Foot Care

I ran across this picture I sent to my Team Leader a couple years ago and thought I would share some of my tribulations. I was part of a training group who’s job is to prepare new soldiers to the company physically and mentally before they are allowed to become part of a tactical team. The training group is really setup to be kind of a filter and weed out those that are just hanging around to draw a pay check and not take a billet away from someone who wants to be truly in the unit.

Having said that, and I’ll get to the main subject here in a minute. Part of our “graduation” was to do a road march with a 50 lbs pack, perform missions along the way to add some mental stress and road march back to the RP, in 90 degree heat. In the 6 months I was with the training group we did a lot more physically than just this particular last 2 days.

So there I was……..Anyway here is the damage

Lets just say I could not walk normally for many days after this picture was taken.

Foot Care:

I have read tons, and I mean tons of articles on foot care, socks, powder, changing socks, wearing slick nylon dress socks under your regular socks, more powder, boots, do a road march in bare feet. You name it I tried it and after every event my feet looked just as bad as the time in the picture above.

Socks: I have spent $30 plus dollars per pair for a set of socks. There are some pretty good brands out there, extra thick. Thorlo and Under Armor comes to mind.

Foot powder: Every brand on the shelf, I like Gold Bond the best.

Nylon dress socks under my regular socks: Didn’t work for me.

Road march in my bare feet: My feet are already messed up why would I do this?

Boots: GI Issue? You have to remember these are made by the lowest bidder on a contract, not the best. Belleville boots have been around since the Civil War and makes a good boot. Altama’s another good boot that I have experience with.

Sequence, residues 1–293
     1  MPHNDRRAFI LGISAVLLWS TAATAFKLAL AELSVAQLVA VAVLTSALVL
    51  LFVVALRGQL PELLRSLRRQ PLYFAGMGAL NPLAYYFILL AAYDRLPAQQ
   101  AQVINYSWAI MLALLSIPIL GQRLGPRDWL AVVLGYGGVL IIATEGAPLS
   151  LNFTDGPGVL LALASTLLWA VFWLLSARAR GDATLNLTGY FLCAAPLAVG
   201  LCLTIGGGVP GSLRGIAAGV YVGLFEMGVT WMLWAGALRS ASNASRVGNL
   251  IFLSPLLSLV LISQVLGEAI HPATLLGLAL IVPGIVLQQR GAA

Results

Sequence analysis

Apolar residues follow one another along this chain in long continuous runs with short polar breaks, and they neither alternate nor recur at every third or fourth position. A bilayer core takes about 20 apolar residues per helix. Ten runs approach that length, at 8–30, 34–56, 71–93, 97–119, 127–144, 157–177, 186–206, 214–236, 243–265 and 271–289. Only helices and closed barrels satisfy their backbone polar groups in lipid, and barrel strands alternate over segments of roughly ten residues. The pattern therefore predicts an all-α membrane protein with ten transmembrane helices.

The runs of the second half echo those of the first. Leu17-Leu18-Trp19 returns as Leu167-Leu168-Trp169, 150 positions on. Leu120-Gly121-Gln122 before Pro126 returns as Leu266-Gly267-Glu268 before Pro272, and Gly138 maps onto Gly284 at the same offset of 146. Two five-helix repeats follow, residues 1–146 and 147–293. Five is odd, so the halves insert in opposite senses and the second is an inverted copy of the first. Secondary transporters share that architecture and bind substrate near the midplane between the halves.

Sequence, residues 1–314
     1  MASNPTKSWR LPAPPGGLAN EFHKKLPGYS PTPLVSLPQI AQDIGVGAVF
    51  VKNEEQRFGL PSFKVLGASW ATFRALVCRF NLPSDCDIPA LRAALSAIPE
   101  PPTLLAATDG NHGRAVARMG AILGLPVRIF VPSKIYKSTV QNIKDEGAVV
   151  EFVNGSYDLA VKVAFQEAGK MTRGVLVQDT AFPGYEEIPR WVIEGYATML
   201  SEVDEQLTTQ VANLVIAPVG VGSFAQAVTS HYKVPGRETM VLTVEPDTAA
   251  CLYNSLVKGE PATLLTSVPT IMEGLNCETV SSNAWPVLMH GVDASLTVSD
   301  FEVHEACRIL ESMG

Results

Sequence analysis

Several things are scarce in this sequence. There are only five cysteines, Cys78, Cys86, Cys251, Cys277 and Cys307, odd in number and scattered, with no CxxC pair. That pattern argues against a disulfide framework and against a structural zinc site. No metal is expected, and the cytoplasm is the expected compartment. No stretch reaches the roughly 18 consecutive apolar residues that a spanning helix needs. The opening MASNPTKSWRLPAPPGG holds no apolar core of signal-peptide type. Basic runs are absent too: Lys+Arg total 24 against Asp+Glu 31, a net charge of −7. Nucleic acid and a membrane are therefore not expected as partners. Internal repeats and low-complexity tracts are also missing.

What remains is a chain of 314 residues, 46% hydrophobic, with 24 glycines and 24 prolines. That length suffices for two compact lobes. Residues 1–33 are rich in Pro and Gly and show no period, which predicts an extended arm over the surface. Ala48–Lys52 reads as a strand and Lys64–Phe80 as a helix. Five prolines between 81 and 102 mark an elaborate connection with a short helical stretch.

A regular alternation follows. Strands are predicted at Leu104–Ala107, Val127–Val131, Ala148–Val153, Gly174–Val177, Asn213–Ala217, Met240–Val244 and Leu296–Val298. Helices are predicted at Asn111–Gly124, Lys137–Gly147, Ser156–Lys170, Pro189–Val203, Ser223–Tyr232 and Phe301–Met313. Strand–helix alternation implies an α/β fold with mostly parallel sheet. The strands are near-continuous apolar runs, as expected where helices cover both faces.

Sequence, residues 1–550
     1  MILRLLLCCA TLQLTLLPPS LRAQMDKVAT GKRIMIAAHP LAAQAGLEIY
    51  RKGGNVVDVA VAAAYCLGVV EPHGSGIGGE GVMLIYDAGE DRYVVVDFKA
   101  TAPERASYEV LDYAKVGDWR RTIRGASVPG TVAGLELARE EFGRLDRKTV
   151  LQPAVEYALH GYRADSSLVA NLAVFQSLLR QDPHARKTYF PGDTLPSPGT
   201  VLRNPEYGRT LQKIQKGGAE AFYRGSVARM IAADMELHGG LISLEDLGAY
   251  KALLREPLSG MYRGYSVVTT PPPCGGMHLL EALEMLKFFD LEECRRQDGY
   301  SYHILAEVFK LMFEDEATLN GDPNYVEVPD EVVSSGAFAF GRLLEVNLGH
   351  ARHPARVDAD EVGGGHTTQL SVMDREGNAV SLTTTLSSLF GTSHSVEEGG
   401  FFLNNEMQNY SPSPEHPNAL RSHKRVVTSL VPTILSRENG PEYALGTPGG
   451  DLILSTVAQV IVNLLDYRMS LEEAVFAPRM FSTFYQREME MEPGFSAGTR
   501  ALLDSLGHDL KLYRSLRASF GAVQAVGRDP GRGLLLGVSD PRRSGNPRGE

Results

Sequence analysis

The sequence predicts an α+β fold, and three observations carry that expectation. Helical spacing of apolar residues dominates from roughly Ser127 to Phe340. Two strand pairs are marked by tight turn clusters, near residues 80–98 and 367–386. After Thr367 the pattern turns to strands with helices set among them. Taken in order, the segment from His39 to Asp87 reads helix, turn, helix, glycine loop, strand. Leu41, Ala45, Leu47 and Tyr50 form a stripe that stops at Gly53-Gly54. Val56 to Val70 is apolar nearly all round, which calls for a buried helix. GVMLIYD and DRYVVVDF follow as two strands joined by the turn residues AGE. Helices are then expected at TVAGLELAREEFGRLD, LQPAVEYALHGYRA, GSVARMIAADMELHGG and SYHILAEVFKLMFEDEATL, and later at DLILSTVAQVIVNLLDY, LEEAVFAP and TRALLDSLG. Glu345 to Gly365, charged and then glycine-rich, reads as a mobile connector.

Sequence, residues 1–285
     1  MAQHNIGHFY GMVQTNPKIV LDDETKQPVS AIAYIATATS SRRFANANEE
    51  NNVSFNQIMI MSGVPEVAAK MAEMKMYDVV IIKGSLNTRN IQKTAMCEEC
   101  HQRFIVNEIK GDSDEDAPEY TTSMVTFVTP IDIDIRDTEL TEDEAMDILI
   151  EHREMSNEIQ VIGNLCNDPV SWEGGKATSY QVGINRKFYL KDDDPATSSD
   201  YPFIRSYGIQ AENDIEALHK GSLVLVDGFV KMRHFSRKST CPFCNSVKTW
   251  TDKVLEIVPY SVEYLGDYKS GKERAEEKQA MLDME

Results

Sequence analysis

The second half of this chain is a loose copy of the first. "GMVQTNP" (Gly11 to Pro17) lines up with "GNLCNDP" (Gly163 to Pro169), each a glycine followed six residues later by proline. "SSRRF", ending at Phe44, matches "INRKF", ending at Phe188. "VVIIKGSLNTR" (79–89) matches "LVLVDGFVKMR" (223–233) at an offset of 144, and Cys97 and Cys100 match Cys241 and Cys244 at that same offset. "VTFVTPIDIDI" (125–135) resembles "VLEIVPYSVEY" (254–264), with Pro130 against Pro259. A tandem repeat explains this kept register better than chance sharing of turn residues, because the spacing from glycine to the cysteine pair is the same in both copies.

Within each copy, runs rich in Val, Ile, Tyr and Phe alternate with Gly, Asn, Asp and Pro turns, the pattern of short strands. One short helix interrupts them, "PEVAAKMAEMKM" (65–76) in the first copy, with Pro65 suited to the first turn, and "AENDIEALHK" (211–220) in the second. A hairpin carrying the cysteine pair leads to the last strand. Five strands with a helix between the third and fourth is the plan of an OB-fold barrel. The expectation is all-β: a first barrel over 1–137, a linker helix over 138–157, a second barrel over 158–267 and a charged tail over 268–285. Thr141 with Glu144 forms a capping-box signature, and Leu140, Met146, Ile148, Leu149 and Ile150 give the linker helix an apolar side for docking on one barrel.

So what did I do to mostly sure my blister problem?? BOOTS! took me over $300 of buying boots to figure this out. For me, it was sizing that was the cure. I was trying to wear my boots like my sloppy tennis shoes and not form or firm fitting. Not tight just enough to move around but not slide around. I still get blisters but nothing like the above picture.

Socks, powdering your feet, changing your socks, and keeping your feet dry from sweat all contribute to good foot care. A good pair of boots are also key in my case.

If your plan is to walk out, then get out and walk, loaded and find out if your feet are going to survive. Again for me, physically I was fine. Blisters are what did me in. When I say walk, walk in the boots of your choosing and find out if your feet are going to be the ONE thing that keeps you from your bug out plan. I’ll go back to the NATGEO episode of Doomsday preppers  and use as an example where the woman was going to walk out of Houston to her vehicle, fully loaded and gave herself 2 hours time to reach her RP. It took her 5 hours. She wore tennis shoes.

Enough preaching. Take care of your feet, if you don’t prep your feet all of your other planning is for naught.

2 thoughts on “Foot Care

  1. Good one. Poorly sized or crappy boots will ruin your feet. USGI boots aren’t all that bad (they’ve gotten better over the years) but the key is to properly break them in and throw them out when they’re shot. Be careful as well of how many times you resole them. I used to tell the young troops boots are kind of like mags – once the body wears out no matter how many times you change the springs or followers they’re still shot.

    • You can also apply your magazine example to our old bodies, no matter how many times we change our springs and followers our old body is still shot! LOL

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